The FBI is determined to not repeat any of the mistakes identified in a harshly critical watchdog report on the handling of the Hillary Clinton email investigation, Director Chris Wray said Monday at a congressional hearing at which he repeatedly sought to distance himself from his predecessor.
Wray told lawmakers that the FBI accepted the findings of the inspector general’s report and has begun making changes, including about how it handles especially sensitive investigations. The FBI is also reinforcing through employee training the need to avoid the appearance of political bias, a key point of criticism in last week’s report, and has referred employees singled out by the watchdog to the agency’s investigative arm for possible discipline.The report “makes clear that we have significant work to do, and as I said, we’re going to learn from the report and be better as a result,” Wray said, even as Republicans on the Senate Judiciary Committee pounced on its findings to allege rampant bias within the FBI.
The department’s inspector general, Michael Horowitz, appeared alongside Wray and repeated the report’s central conclusions that the Clinton investigation was plagued by leadership missteps though its outcome was not tainted by political bias.
The report blasted FBI actions during the 2016 investigation into whether Clinton, the Democratic presidential candidate, had mishandled classified information on her private email server when she was secretary of state.
It said anti-Donald Trump text messages exchanged by FBI employees who worked on the investigation cast a cloud on the agency’s handling of the probe and damaged its reputation. It also said that fired FBI Director James Comey repeatedly broke from protocol, including when he publicly announced his recommendation against charging Clinton and when he bucked the judgment of Justice Department bosses by alerting Congress months later that the investigation was being reopened because of newly discovered emails.
Republicans, increasingly skeptical of special counsel Robert Mueller’s investigation into potential coordination between Russia and Trump’s Republican presidential campaign, said Monday they weren’t convinced by the report’s conclusion that the decision to spare Clinton from criminal charges was free from bias, or by reassurances that the problems were limited to just a handful of employees. Trump himself had eagerly awaited the inspector general’s report in hopes that criticism of Comey and the FBI could discredit Mueller’s investigation.
“There is a serious problem with the culture at FBI headquarters,” said Utah Republican Sen. Orrin Hatch.
The Republican committee chairman, Sen. Chuck Grassley of Iowa, drew a contrast between what he said were aggressive actions taken during Mueller’s investigation and the “kid-glove treatment” that Grassley maintained had occurred during the Clinton investigation.
“The Justice Department faces a serious credibility problem because millions of Americans suspect that there is a double standard,” Grassley said. “They see a story of kid-glove treatment for one side and bare-knuckle tactics for the other. They see politics in that story.”
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Though not agreeing with those characterizations, Wray said he accepted that the FBI had made mistakes. He repeatedly chided Comey’s judgment, saying, “There are a number of things that I probably would have done differently.” He also said he could not imagine a scenario in which he would have unilaterally announced his charging decision at a news conference, as Comey did on July 5, 2016.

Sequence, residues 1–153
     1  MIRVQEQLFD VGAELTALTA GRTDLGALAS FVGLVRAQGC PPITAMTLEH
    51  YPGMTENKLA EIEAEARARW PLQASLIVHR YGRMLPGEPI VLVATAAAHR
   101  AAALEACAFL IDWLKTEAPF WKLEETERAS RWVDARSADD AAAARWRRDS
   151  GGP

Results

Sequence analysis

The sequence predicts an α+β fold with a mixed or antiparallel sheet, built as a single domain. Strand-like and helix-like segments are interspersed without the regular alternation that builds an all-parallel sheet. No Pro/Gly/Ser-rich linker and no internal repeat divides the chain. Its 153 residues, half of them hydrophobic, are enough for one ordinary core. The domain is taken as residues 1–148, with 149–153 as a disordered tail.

The report was the culmination of a nearly 18-month investigation by the Justice Department’s internal watchdog into how the FBI handled one of the most consequential investigations in its history.
But Horowitz indicated that his work is not done: He confirmed that the office is investigating Comey’s handling of personal memos he maintained as FBI director, including one whose substance was shared with journalists by a friend and law school professor after Comey’s May 2017 firing. He’s also investigating the origins of the FBI investigation into Trump’s campaign, including whether surveillance was conducted under improper motivations.
Horowitz said there are lessons to be learned from the 500-page report, including about respecting an institution’s hierarchy and norms.
“No rule, policy or practice is perfect, of course,” Horowitz said. “But at the same time, neither is any individual’s ability to make judgments under pressure or what may seem like unique circumstances.”
He also rejected several assertions made by Trump before and after the report’s release. The president has claimed the document exonerated him, even though it did not evaluate whether his campaign colluded with Russia, and before that publicly questioned whether the inspector general was watering down its findings because of political pressure.
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“We followed normal processes, we took comments … it was not made weaker or softer in any regard,” Horowitz said.
Horowitz said he was especially troubled by anti-Trump text messages between an FBI agent and an FBI lawyer who worked on the Clinton investigation and were both on Mueller’s team. In one August 2016 text, the agent, Peter Strzok, said, “We’ll stop it,” in reference to a possible Trump victory. The inspector general brought those texts to Mueller’s attention. Strzok was dropped from the team last summer.
“That should not be downplayed by anybody,” Horowitz said of the texts. “I can’t think of something more concerning than a law enforcement officer suggesting that they’re going to try and use or may use their powers to affect an election.”
Strzok’s lawyer has said his client’s work wasn’t driven by political views and that Strzok is willing to testify before Congress.
The Associated Press contributed to this article.